Molly Burch On Anxiety, ‘First Flower’ and Expectations

Molly Burch On Anxiety, ‘First Flower’ and Expectations

Our Rising Artist of the Week, Molly Burch, has released her second studio album, titled First Flower. To celebrate the release of the album, Burch talked to TIDAL about the steps taken between the two albums, encountering negative feelings to create and writing amongst Hurricane Harvey in Texas.

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What is the time between finishing the tour for the first album and beginning the process for this record like for you as a burgeoning musician?

I think it was quite a lot. I had put out a body of work like that or really toured much, so it was a lot of new experiences. I learned a lot about myself and my habits when I was managing the tour as it progressed. Throughout all of the touring, I changed bands three times and moved to a small town just south of Austin. It was jarring to feel this overstimulation from touring and then returning to isolation, of sorts. (laughs) I don’t know if that was the best idea, but it was nice to focus with the intent or writing this next album.

With all the vulnerability and catharsis of the first album, what direction did you want to follow to create something to follow up your first album?

I feel like when I was writing Please Be Mine, I had no idea what to expect from anything really. I didn’t know how it would be received, how I would tour and all that. I was very touched how many people would come up to me at shows and says that the music was very relatable and it helped them overcome heartbreak. That gave me courage to talk about and create music about my own personal insecurities and anxiety, all the things that I felt were important to talk about. It feels good to be able to follow up that record with something strongly related to who I am, as a person.

In regards to creating in reaction to anxiety, do you feel any of that is cast aside through talking about it?

It definitely helps to have performance and writing be my mode of expression, but it’s not something that I feel can be “dealt with.” It’s a weird journey to navigate and I think I carry a lot of those feelings around, it’s not as weighted down when I’m creating, though.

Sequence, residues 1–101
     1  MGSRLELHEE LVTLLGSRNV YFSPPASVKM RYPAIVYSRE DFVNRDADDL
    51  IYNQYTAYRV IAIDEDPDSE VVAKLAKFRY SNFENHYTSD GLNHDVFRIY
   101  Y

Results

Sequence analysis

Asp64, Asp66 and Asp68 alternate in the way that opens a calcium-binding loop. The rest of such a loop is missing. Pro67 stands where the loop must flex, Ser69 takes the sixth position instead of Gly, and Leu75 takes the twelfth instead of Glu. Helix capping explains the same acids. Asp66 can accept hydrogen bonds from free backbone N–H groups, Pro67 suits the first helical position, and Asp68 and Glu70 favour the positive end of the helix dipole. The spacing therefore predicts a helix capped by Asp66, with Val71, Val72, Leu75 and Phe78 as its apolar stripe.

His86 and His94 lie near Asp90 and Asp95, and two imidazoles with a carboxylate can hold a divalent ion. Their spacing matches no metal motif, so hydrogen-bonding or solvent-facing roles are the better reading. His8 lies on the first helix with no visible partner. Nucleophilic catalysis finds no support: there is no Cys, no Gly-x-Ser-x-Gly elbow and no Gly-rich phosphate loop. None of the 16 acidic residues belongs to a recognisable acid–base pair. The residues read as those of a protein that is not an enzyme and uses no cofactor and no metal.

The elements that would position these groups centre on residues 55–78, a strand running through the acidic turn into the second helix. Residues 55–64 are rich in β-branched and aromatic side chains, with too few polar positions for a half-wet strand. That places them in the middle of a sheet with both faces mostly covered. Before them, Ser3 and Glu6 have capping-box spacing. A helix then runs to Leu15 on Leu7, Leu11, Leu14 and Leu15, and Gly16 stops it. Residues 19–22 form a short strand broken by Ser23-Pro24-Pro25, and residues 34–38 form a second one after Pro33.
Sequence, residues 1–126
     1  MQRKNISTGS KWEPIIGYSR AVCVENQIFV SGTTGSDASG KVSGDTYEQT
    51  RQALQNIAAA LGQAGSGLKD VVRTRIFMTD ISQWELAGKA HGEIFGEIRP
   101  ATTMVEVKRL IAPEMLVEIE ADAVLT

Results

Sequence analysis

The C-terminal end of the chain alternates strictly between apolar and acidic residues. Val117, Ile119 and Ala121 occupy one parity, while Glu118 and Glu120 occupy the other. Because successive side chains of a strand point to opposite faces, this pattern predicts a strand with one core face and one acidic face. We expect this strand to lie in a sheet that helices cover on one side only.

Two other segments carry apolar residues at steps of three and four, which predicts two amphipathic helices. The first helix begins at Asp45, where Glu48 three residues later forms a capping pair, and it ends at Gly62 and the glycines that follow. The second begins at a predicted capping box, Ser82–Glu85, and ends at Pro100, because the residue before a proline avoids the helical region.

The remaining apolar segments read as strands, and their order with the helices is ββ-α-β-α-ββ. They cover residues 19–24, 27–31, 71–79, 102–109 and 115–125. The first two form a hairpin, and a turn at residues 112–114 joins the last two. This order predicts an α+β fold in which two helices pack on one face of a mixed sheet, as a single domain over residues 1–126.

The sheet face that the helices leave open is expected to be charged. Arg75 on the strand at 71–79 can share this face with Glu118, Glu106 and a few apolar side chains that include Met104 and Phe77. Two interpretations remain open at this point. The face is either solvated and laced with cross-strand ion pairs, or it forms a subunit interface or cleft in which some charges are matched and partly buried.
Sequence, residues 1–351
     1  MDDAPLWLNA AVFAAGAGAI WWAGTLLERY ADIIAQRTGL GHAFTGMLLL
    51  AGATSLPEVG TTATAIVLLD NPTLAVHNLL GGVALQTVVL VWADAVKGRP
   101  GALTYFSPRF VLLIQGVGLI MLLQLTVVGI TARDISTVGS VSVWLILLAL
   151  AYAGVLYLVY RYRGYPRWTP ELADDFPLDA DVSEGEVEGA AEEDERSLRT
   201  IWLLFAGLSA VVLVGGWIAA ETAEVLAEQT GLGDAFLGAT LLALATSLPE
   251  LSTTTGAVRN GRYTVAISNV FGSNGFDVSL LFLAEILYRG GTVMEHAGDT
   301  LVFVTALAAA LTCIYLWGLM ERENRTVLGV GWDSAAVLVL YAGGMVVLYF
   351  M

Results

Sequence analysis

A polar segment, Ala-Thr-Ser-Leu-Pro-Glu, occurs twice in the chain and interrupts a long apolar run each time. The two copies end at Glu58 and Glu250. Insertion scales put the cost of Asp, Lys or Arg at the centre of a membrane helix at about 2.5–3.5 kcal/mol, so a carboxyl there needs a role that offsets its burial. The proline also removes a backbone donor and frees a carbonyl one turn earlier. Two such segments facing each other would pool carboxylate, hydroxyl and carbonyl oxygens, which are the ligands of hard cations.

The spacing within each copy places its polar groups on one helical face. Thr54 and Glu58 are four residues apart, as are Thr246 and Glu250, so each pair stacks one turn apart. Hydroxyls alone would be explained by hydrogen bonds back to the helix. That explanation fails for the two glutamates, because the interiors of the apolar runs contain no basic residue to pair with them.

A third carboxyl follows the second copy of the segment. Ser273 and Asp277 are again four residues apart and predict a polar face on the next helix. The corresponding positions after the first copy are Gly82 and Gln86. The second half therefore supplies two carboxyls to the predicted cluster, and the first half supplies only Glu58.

I think feelings are very useful to talk about and it’s really encouraging when I know that someone is relating to. I appreciate when people respond to the music, but nothing can really get “solved” from there.

What was it like writing the album amongst the stormy conditions of Hurricane Harvey in Texas?

Ah, well, it was myself and my boyfriend, Dailey [Toliver]. It was a period of time where everyone in our town and the neighboring towns were filled with worry, sort of. It seemed like everyone had a lot of time on their hands, people were sort of trapped in their house. It wasn’t that dire, but everyone had to stick to themselves and try to remain inside, so that gave the recording process a distinct atmosphere. It helped me to bring my writing into a regiment.

Could you speak on the aspects of your creative process that you you still have to work through and what aspects you feel confident in?

Well the actual writing process and slowly revealing parts of myself in my lyrics is still tough and private, sort of. I don’t bring anything to Dailey until I’m very confident in the song. It feels natural to write the lyrics and make it work, but allowing myself to let go of anxiety to get to that comfortable place of writing is still a struggle.

I primarily write for my voice and my voice is something I’m extremely comfortable with. I’ve found embracing different characters and personalities through my music to be very liberating.

 

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